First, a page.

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Cambridge Cardiovascular

Engineered platelets could meet demand and mend a broken heart

Platelets activate in response to blood vessel injury to stop bleeding and release countless granules that are essential to the blood clot formation and that speed up tissue repair.

In some clinical events, such as major trauma or leukaemia, platelets must be transfused to the patient. The NHS relies on blood donations from the public to fulfil the need for fresh platelets but demand often outstrips supply. Additionally, donated platelets can activate the patient's immune system to attack these ‘foreign’ platelets, leading to life-threatening bleeding complications.

Dr Cedric Ghevaert, A BHF-funded scientist and consultant haematologist at Addenbrooke’s hospital, has successfully overcome these obstacles by producing immunologically inert, 'universal', platelets using adult human stem cells.

Stem cells have been engineered by Dr Ghevaert's research group to become the platelet-producing parental cells called megakaryocytes. The group uses a technique known as gene editing to remove and manipulate any genes that may provoke the immune system, and have succeeded in designing a megakaryocyte that secretes platelets which can go undetected by the immune system.

Furthermore, the group's platelets are engineered to release Factor VII (FVII), a protein that promotes blood clotting. Currently, it can be produced synthetically (NovoSeven), but the synthetic version needs to be given in high doses to patients, which increases the risk of unwanted blood clot development and subsequent stroke or heart attack. Dr Ghevaert’s engineered megakaryocytes and platelets have addressed this with gene editing. His research group has been able to produce platelets that contain therapeutic levels of specific clotting factors, including FVII, which can be released at the site of injury without the risk of aberrant clotting elsewhere in the body.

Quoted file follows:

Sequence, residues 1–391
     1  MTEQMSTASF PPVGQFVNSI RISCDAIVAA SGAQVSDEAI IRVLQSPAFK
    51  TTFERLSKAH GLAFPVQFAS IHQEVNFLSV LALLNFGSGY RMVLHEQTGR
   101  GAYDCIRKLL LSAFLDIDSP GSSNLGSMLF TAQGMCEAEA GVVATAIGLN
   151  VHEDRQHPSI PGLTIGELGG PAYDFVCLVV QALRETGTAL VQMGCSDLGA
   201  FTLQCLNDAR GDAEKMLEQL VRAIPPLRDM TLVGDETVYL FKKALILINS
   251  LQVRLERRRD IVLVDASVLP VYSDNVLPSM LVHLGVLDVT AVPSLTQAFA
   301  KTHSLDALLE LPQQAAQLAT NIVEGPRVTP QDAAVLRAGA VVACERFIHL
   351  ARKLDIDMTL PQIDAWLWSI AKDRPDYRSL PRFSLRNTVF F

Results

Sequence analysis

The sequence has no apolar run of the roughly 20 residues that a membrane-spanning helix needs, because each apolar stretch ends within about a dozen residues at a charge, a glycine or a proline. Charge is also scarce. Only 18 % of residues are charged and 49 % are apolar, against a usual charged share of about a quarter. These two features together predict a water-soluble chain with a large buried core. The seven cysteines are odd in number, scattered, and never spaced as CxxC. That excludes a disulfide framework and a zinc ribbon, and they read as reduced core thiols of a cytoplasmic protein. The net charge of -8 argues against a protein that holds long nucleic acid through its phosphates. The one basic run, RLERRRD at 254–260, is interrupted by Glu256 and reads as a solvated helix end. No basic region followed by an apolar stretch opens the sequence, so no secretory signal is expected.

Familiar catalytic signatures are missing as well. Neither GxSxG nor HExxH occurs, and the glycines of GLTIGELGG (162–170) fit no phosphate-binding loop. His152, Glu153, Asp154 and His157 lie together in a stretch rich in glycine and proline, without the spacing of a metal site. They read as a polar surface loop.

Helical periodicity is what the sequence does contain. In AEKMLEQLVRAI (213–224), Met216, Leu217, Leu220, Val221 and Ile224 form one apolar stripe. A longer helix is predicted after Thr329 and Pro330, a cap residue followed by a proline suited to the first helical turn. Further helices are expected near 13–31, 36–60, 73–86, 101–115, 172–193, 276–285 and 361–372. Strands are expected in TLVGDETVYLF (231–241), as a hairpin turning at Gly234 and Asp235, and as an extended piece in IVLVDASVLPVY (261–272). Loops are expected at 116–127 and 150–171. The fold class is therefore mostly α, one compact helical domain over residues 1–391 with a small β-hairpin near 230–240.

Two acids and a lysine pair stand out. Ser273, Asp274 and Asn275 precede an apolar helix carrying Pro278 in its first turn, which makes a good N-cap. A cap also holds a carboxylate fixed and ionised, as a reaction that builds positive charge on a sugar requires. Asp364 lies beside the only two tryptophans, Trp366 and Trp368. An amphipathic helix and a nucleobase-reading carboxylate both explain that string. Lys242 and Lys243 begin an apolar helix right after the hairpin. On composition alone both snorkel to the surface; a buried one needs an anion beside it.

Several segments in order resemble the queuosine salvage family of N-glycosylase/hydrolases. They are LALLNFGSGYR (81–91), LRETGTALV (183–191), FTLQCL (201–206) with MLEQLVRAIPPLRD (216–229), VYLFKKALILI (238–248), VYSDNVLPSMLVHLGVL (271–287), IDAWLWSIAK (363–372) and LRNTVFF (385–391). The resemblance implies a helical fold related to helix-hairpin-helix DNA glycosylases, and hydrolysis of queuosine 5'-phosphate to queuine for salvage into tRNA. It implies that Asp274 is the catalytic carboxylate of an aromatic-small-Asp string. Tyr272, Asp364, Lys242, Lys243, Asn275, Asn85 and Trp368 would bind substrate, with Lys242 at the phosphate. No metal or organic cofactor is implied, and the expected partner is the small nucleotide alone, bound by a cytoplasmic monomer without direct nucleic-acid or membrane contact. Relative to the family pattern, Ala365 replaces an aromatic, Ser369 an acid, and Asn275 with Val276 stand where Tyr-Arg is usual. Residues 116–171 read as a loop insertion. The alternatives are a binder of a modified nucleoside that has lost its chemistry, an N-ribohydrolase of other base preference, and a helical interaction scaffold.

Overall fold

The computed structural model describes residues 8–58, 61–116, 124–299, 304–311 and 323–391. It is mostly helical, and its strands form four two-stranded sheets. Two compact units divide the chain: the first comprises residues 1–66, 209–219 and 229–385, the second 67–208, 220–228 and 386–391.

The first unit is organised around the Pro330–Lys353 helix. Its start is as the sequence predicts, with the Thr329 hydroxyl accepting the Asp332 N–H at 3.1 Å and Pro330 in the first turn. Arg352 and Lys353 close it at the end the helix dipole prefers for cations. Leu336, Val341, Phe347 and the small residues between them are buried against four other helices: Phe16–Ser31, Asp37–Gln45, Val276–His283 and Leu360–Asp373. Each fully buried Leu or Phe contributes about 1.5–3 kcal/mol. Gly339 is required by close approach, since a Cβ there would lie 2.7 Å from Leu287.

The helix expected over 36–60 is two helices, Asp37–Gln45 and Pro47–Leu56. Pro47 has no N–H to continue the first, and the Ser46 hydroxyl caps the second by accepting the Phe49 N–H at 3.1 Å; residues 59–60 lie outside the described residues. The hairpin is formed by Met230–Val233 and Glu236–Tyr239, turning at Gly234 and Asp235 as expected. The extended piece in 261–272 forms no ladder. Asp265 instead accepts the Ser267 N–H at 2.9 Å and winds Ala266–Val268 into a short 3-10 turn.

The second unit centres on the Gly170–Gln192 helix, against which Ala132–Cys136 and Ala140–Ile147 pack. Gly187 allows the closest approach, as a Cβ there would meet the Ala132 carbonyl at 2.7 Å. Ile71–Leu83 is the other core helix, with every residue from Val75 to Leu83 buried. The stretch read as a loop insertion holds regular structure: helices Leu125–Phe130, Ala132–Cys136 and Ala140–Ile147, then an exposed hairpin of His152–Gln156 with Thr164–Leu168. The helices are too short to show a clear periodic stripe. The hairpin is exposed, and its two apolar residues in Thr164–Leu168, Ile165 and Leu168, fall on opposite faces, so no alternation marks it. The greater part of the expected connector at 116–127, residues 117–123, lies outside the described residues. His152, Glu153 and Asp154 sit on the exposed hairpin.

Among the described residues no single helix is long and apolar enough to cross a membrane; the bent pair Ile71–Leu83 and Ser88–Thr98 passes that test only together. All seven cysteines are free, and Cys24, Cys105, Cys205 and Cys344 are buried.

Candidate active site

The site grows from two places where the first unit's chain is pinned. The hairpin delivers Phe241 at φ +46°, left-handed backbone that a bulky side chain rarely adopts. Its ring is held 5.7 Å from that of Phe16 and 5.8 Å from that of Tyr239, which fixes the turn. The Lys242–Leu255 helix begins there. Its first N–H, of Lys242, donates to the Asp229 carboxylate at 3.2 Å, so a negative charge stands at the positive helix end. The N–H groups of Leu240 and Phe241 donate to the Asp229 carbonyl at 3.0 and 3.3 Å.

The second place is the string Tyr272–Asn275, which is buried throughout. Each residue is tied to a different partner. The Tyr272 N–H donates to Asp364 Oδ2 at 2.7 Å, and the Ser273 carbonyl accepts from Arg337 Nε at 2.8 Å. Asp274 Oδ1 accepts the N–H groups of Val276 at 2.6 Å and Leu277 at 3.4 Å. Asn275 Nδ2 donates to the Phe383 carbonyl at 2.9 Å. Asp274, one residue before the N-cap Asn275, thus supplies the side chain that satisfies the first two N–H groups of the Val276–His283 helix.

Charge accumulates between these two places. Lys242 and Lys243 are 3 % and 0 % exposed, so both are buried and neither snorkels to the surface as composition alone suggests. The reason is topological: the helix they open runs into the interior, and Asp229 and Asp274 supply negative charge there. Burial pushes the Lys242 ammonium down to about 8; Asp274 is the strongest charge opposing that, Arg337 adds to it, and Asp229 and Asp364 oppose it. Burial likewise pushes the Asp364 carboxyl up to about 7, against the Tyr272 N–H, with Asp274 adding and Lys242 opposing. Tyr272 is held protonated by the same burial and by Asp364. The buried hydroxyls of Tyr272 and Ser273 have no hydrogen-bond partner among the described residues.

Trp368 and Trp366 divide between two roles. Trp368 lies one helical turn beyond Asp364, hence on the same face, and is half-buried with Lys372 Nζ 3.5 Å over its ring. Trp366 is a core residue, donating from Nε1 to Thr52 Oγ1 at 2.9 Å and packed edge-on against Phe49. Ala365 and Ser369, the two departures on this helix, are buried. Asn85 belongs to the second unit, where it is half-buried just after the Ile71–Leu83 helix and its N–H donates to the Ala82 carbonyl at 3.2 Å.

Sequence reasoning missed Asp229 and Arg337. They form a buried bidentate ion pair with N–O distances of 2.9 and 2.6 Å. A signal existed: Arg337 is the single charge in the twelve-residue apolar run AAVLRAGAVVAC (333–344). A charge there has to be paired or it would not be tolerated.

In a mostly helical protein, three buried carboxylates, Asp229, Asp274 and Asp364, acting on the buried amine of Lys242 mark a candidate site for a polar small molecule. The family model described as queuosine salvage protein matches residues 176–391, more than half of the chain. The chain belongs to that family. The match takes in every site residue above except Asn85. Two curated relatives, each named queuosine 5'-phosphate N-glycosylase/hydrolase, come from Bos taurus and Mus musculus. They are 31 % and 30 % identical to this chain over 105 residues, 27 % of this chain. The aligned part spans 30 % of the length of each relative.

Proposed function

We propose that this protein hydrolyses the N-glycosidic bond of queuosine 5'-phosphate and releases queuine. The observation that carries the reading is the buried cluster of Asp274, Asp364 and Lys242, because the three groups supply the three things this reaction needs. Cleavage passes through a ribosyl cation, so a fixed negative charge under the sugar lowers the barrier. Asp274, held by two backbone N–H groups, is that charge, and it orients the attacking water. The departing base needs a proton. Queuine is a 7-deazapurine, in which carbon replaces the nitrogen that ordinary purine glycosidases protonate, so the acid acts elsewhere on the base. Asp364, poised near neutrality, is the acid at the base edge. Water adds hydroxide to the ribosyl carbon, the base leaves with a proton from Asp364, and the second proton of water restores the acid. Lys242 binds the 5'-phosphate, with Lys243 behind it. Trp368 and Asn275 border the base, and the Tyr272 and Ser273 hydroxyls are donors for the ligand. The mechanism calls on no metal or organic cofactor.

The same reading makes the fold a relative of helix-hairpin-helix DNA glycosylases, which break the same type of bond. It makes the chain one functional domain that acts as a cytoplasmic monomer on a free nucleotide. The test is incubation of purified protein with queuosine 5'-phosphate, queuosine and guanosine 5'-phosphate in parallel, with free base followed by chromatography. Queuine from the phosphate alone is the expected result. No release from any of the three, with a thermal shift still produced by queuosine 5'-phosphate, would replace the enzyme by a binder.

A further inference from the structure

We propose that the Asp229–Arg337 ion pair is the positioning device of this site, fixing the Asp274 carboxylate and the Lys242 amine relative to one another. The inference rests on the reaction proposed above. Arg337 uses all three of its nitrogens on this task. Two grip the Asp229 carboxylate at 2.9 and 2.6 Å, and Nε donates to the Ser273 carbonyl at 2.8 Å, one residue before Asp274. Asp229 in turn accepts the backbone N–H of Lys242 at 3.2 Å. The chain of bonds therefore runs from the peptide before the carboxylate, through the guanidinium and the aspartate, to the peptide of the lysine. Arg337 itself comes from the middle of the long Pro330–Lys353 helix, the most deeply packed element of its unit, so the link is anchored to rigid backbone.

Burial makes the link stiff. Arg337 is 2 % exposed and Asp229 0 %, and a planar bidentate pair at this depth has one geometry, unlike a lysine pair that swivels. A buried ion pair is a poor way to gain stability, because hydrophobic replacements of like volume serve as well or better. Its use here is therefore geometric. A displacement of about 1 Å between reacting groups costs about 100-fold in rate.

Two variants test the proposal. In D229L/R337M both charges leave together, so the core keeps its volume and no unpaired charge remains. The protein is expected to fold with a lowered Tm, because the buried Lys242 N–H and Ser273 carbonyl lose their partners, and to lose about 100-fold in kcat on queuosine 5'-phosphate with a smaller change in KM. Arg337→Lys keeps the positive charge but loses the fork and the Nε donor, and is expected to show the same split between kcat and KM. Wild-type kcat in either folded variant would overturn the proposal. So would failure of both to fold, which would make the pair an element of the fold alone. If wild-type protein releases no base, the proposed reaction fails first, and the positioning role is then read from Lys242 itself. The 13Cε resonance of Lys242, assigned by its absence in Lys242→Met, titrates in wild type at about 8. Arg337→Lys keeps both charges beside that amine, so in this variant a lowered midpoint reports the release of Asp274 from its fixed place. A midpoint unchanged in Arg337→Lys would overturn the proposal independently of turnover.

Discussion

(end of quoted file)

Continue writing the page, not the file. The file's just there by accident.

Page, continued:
Dr Ghevaert has formed a collaboration with Dr Kourosh Saeb-Parsy, a consultant transplant surgeon at Addenbrooke’s hospital, in an effort to prove that the engineered platelets are non-immunogenic in animal models.

In an effort to speed up the production of platelets from magakaryocytes, Dr Ghevaert is collaborating with Prof Ruth Cameron and Prof Serena Best from the Department of Materials Science and Metallurgy to manufacture a collagen ‘sponge’. The porous structure effectively traps the megakaryocytes to a desired site and allows the effective release of the platelets into a collection bag.

The function of platelets as a drug delivery system is also something Dr Ghevaert is currently exploring to help treat damaged heart muscle. His group is engineering megakaryocytes and platelets through gene editing to carry and release specific human growth factors: proteins that would promote the repair of injured heart tissue following a heart attack.

“The idea here is that the platelets provide an energy boost to the cells to promote repair” explains Dr Ghevaert. “A bit like giving builders some strong tea; it will help them work better and faster”.

To test this analogy, Dr Ghevaert collaborates with Dr Thomas Krieg from the Department of Medicine, using a mouse model of heart attack. They are currently delivering these bespoke platelets to see if they will target and help improve the repair of infarcted heart muscle.

The results so far show great promise and Dr Ghevaert believes that these bespoke platelets will be tested in humans soon: “We are currently working on translating gene editing of blood cells at a clinical grade and will make them suitable for human trials in the next 3-4 years”.

It appears that genetically modified platelets may not only be readily available to stop bleeding, they could also mend a broken heart.

Dr Cedric Ghevaert is a Senior Lecturer in Transfusion Medicine at the Department of Haematology. He received pump-priming funding from the BHF Cambridge Centre for Cardiovascular Research Excellence in 2014, and has since received external funding to continue these studies.

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